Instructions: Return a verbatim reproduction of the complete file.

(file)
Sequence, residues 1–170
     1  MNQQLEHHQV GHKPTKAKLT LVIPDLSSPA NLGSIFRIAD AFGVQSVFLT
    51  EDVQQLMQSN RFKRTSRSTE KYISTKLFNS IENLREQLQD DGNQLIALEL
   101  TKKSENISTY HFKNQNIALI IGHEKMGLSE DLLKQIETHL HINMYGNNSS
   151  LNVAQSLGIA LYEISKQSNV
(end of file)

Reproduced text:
Sequence, residues 1–170
     1  MNQQLEHHQV GHKPTKAKLT LVIPDLSSPA NLGSIFRIAD AFGVQSVFLT
    51  EDVQQLMQSN RFKRTSRSTE KYISTKLFNS IENLREQLQD DGNQLIALEL
   101  TKKSENISTY HFKNQNIALI IGHEKMGLSE DLLKQIETHL HINMYGNNSS
   151  LNVAQSLGIA LYEISKQSNV